Beauty in Paper – The 1896 Educational Currency

I previously wrote about what I considered to be America’s most beautiful coinage:

1907_uhr_pr69_cami

Today, paper money gets a turn.

From Wikipedia:

The Educational Series series of notes is the informal nickname given by numismatists to a series of United States silver certificates produced by the United States Treasury in 1896, after Bureau of Engraving and Printing chief Claude M. Johnson ordered a new currency design. The notes depict various allegorical motifs and are considered by some numismatists to be the most beautiful monetary designs ever produced by the United States.

one

The One Dollar Bill

The Goddess History instructing a youth, pointing to a panoramic view of the Potomac River and Washington D.C. The Washington Monument and the US Capitol Building are visible in the background. The United States Constitution is displayed to the right. Circling the motif are the last names of famous Americans. Some of those listed are: (George) Washington, (Benjamin) Franklin, (Thomas) Jefferson, (Robert) Fulton, (Samuel F.B.) Morse, & (Ulysses S.) Grant. Full Resolution.

Reverse: Martha and George Washington.

two

The Two Dollar Bill

Science (center) presents Steam and Electricity (the two children) to the more mature figures of Commerce (left) and Manufacture (right). Full Resolution

Reverse: Robert Fulton and Samuel F.B. Morse

five

The Five Dollar Bill

Electricity surrounded by other allegorical figures, representing the dominant force in the world. The United States Capitol building can be seen behind the female figures. Full Resolution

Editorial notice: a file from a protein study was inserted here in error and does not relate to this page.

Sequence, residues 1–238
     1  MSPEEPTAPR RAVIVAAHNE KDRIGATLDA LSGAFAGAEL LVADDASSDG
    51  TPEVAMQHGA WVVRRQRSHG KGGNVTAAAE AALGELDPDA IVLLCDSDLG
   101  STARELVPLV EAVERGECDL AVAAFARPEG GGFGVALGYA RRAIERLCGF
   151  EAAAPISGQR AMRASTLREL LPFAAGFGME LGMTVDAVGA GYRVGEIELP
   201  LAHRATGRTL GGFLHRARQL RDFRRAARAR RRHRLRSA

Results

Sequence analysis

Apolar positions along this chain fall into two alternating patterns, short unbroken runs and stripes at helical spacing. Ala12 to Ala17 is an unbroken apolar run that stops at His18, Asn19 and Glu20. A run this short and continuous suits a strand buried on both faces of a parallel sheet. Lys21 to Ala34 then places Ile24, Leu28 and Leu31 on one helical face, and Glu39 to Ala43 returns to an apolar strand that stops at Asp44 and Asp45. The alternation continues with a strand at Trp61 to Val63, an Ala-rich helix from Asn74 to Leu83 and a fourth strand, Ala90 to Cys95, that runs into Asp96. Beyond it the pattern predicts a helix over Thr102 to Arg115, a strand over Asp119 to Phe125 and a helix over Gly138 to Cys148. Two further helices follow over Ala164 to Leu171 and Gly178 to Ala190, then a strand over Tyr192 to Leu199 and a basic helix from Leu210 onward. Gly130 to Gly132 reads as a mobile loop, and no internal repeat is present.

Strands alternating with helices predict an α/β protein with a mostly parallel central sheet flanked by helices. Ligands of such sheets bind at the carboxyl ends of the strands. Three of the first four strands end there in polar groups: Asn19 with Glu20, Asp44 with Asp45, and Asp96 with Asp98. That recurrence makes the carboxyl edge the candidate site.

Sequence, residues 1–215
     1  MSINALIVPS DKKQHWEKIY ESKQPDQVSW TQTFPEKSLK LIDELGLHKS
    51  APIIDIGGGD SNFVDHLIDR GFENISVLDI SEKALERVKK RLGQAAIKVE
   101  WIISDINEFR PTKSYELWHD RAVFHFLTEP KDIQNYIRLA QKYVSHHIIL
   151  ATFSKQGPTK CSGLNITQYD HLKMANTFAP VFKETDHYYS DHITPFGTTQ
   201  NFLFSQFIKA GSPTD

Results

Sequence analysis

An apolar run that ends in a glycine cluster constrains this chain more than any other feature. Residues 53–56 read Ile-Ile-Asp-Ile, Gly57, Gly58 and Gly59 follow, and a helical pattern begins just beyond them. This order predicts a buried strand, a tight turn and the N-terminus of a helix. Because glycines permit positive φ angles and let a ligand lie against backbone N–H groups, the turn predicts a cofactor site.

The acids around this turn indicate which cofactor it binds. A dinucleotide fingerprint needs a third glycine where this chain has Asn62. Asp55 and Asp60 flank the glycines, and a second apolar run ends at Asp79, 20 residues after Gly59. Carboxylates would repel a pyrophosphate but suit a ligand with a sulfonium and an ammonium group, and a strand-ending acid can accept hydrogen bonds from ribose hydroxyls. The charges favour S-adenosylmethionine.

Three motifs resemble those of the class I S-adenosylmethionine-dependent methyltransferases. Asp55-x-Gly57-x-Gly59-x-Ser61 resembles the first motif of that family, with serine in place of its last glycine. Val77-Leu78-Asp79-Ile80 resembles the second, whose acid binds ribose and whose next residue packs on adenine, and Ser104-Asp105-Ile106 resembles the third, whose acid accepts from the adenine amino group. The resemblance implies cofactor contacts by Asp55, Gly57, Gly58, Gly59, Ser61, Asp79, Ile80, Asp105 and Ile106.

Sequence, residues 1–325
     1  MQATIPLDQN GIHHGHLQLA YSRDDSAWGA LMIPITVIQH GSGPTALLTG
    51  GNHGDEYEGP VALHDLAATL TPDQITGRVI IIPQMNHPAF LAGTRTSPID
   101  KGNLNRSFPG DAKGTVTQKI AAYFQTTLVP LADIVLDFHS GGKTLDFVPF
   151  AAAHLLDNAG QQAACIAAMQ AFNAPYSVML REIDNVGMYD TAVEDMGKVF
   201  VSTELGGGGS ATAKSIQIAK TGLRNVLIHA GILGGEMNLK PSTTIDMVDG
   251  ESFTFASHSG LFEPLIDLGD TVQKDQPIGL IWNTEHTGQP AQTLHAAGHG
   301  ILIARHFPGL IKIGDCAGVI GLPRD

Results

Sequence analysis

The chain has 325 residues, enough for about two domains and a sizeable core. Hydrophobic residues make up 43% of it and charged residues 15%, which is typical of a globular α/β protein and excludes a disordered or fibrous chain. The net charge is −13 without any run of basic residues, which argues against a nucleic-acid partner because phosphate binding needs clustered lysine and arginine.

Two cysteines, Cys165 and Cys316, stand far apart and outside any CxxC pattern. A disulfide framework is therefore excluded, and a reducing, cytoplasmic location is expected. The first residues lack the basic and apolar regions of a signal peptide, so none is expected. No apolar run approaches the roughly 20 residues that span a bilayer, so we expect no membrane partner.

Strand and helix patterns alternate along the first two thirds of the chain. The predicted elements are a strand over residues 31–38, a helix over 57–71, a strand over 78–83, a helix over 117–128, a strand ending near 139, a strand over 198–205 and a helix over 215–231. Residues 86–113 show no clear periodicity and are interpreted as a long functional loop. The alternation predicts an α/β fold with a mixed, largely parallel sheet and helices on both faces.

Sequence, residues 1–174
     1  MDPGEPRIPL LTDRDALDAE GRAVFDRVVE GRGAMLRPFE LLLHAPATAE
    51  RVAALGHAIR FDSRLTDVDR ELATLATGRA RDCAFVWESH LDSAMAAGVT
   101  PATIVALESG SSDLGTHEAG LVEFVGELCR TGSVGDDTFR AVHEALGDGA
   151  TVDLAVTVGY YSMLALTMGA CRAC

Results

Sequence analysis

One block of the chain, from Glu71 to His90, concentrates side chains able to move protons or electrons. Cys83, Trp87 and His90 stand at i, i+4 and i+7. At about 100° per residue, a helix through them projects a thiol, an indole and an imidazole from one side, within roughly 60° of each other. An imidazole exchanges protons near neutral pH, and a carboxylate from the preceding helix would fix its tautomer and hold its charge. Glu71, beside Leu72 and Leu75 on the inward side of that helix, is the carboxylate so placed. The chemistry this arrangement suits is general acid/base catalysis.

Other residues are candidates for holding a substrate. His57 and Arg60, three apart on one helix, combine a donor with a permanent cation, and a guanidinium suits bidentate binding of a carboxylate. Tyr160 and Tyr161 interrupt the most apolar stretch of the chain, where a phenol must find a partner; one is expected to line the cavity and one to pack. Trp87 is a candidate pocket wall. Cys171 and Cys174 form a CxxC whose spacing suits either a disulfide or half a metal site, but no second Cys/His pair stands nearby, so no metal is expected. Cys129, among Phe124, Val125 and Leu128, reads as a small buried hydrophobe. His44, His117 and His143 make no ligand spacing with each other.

Reverse: Ulysses S. Grant and Phillip Sheridan

These beautiful works of art, embodying both aesthetically and factually pleasing images combine with superb engraving skill1 to create works of incredible beauty.

Not surprisingly, some Boston society ladies got their knickers in a twist over the bare breasts visible on the $5.00 note, and some bankers refused to accept these bills. The Bureau of Engraving planned a “draped” version for the 1897 series, much as the 1916 Standing Liberty quarter was re-designed the following year for the same reason (see the above-linked article), but the design was never used.

For the longest time, American currency has been soul-searingly boring. We used to be able to get away with it because the world valued the dollar no matter how ugly it looked, but those times are coming to an end. I have long wished that we could redesign our currency along the lines of things done by Australia and other countries, but as long as government is dominated by people who are convinced that the almighty dollar is unassailable, this is unlikely to happen.

At least at one point in our history, people were willing to try something new and different.

The Old Wolf has spoken.


1 On a semi-related note, a wonderful and chilling tale which involves engraving skill can be found in “Don’t Look Behind You” by Frederick Brown. I recommend it, but not if you’re home alone on a dark night.

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